Photo

A laptop screen in Geldrop, Netherlands, displayed a ransom message on Tuesday after it was infected during a worldwide cyberattack.

Credit
Rob Engelaar/European Pressphoto Agency

WannaCry, that cyberattack that captured tens of thousands of computers as well as the world’s attention last month, was certainly bad. Imagine one day discovering your work material or family photos are locked away by a hacker who wants you to transfer some Bitcoin in his direction to set it free.

Now imagine something similar, but with a harder edge. Its creators don’t seem that worried about getting a ransom — though you can pay one if you like. It makes your computer even harder to break into and there’s no way for a cybersecurity wizard to stop its spread.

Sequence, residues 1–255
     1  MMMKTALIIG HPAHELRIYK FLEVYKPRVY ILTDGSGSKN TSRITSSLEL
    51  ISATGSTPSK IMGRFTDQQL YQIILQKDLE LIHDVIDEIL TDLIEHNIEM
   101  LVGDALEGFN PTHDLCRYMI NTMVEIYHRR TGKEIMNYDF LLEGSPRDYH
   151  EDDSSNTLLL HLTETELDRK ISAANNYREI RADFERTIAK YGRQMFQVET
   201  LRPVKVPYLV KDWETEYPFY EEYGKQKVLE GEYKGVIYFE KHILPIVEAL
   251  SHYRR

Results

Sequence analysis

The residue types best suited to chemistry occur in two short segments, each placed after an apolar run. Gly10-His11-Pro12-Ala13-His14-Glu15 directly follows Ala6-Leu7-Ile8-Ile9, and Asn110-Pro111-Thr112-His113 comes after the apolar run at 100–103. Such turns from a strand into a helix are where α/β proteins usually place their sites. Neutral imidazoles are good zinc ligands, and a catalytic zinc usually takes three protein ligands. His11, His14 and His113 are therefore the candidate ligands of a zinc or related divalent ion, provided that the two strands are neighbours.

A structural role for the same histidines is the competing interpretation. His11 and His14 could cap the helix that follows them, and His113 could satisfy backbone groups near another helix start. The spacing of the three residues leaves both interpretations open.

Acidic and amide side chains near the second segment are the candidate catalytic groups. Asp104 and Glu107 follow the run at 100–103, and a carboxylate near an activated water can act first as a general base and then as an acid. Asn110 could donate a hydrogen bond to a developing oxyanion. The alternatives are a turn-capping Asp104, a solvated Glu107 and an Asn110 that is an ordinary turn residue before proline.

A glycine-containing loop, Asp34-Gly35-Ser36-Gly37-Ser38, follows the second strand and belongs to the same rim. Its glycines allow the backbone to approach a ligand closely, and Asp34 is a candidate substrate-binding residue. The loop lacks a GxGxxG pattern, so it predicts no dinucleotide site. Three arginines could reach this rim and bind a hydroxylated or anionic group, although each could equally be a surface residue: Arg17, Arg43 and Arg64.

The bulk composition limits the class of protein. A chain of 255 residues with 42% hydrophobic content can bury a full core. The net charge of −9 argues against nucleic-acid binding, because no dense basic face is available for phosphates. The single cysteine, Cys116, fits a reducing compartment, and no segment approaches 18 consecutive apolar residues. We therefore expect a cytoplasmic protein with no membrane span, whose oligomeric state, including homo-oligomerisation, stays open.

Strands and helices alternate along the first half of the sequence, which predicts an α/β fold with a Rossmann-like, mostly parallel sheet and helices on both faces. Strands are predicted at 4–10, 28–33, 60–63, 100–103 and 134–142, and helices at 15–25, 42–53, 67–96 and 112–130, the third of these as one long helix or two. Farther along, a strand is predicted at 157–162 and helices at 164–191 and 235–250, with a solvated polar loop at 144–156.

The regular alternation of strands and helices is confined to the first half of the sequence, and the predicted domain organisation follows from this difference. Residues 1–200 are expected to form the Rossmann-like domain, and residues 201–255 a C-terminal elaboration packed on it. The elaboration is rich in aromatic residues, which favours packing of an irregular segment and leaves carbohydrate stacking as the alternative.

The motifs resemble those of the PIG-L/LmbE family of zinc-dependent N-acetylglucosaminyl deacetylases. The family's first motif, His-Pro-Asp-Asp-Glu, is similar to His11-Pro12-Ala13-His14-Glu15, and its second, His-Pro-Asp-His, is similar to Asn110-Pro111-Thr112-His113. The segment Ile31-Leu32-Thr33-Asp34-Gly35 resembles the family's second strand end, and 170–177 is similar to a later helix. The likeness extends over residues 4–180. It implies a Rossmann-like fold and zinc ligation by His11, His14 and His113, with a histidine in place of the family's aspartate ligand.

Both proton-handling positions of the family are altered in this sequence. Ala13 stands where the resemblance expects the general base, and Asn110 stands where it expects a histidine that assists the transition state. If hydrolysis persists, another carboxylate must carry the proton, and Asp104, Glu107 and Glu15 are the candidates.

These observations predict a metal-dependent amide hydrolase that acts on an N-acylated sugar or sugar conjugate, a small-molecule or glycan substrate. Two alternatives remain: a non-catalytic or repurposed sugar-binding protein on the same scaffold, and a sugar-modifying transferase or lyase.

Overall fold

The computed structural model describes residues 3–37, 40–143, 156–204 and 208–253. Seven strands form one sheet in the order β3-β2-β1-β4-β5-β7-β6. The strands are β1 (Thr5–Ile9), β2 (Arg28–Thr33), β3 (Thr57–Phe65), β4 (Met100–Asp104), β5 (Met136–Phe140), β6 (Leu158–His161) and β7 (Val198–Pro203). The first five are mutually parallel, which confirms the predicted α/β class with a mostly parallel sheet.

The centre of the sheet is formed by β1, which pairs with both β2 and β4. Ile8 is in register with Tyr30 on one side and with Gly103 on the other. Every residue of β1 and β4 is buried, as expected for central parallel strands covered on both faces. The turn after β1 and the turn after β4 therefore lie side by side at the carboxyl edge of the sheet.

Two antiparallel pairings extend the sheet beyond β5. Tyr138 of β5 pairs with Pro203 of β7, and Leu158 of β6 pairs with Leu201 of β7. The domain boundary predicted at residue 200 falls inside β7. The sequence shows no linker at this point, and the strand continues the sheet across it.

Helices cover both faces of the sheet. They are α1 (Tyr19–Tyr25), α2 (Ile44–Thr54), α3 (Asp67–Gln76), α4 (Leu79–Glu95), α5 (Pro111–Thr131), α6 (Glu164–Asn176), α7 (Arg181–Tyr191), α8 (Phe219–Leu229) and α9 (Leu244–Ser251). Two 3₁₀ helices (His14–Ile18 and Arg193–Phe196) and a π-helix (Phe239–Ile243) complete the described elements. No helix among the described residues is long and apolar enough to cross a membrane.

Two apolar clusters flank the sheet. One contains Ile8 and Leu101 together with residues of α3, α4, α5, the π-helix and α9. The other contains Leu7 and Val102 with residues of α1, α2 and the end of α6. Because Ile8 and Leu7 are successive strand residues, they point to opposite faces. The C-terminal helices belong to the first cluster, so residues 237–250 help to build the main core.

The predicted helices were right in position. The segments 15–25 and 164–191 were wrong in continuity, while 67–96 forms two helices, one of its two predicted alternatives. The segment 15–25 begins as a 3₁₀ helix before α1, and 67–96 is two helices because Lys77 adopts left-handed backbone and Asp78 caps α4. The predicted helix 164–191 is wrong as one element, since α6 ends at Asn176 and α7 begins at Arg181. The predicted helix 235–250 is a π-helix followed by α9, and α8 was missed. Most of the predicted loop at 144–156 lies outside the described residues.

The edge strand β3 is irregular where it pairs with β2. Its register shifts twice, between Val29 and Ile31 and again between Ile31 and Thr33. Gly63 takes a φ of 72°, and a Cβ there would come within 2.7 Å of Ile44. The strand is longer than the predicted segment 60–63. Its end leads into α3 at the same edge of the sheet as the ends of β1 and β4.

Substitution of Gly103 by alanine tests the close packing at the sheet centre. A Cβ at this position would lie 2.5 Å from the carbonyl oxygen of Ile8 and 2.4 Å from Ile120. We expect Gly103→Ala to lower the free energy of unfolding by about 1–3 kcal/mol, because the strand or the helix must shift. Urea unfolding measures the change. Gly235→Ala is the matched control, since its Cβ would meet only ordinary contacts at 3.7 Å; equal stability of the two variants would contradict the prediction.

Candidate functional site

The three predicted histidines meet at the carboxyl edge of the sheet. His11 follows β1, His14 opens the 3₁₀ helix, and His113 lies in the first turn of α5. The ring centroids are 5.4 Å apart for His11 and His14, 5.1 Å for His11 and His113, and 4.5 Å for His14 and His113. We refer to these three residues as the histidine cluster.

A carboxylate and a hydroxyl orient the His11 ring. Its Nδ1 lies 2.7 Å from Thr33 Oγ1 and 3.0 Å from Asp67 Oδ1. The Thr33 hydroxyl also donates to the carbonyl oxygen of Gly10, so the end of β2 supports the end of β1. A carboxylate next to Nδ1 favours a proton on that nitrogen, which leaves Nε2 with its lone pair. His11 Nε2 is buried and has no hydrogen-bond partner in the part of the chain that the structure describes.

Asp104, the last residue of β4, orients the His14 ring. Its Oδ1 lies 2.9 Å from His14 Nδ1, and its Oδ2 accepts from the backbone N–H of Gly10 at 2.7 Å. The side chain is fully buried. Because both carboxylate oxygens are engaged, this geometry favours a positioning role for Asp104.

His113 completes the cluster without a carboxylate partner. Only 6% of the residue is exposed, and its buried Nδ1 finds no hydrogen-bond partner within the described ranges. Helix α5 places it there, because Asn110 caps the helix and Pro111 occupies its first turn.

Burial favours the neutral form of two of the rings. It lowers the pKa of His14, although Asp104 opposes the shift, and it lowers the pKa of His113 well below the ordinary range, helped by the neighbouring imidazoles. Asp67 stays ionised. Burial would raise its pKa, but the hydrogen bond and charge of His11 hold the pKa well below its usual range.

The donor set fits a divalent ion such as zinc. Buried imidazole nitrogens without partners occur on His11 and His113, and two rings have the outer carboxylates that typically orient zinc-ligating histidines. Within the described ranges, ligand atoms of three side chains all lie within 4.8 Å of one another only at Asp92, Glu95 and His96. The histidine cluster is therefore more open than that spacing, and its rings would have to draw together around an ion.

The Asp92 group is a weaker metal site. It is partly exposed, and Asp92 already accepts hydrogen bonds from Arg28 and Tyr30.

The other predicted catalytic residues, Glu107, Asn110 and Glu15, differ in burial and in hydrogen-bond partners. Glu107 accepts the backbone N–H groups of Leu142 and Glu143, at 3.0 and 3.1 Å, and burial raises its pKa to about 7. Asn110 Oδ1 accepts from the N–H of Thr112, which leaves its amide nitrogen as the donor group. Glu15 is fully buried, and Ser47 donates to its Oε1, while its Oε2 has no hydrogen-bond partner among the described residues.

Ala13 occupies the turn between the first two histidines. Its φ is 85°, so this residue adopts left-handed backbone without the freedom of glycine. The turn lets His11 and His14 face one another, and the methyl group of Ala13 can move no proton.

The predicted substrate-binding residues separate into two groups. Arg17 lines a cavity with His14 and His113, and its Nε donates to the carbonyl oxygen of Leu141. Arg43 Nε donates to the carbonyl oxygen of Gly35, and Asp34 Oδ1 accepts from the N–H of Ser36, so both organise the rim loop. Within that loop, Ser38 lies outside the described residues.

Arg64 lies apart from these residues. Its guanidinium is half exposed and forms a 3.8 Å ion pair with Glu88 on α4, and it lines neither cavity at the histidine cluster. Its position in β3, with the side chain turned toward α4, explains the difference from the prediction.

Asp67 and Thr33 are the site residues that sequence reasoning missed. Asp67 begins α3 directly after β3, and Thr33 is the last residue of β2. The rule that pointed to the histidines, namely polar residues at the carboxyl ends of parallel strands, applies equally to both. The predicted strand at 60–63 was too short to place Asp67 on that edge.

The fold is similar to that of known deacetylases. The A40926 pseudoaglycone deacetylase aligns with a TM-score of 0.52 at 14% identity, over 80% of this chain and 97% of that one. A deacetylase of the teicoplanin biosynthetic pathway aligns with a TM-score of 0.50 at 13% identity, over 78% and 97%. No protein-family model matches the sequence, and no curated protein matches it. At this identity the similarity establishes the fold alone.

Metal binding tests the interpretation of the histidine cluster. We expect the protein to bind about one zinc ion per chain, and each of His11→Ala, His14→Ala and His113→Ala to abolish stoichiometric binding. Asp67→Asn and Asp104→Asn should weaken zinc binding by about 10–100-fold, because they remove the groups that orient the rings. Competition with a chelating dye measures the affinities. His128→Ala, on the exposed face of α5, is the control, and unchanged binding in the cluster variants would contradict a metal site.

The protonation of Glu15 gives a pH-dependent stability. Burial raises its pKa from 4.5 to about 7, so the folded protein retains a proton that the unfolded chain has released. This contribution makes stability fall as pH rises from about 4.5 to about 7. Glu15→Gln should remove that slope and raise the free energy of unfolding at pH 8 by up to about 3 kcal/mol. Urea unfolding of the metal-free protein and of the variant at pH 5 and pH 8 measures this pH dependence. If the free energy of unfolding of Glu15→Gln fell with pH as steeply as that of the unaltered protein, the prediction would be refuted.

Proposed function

That essentially describes the ransomware attack that started in Ukraine on Tuesday and spread throughout Europe and into the United States. Like WannaCry, it relied on hacking tools that were stolen from the National Security Agency and posted on the internet.

But this attack seemed to have a more specific purpose: Targeting computers in Ukraine ahead of a national holiday celebrating the creation of the country’s first Constitution after breaking away from the Soviet Union.

Was it intended as a political message or an act of sabotage? Maybe a little of both? Regardless, it serves as further evidence that an array of the agency’s hacking tools are out there for anyone to use, even people without sophisticated programming skills.

Continue reading the main story



Source link